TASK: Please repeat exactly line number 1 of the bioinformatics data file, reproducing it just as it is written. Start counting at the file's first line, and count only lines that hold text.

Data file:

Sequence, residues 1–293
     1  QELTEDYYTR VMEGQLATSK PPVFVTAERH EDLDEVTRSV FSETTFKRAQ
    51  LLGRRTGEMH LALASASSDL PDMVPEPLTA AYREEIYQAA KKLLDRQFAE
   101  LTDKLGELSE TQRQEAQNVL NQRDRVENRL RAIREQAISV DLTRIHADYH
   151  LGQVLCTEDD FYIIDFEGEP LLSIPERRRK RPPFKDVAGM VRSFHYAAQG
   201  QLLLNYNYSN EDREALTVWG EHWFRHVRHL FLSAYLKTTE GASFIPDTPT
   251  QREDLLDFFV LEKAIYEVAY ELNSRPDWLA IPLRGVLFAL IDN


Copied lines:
Sequence, residues 1–293